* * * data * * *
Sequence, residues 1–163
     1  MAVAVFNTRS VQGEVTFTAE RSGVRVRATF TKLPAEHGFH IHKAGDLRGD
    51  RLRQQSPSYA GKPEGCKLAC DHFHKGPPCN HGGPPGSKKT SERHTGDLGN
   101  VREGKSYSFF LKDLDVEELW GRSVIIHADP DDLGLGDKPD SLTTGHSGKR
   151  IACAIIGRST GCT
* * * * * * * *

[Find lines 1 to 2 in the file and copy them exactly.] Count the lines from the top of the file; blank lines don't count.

Sequence, residues 1–163
     1  MAVAVFNTRS VQGEVTFTAE RSGVRVRATF TKLPAEHGFH IHKAGDLRGD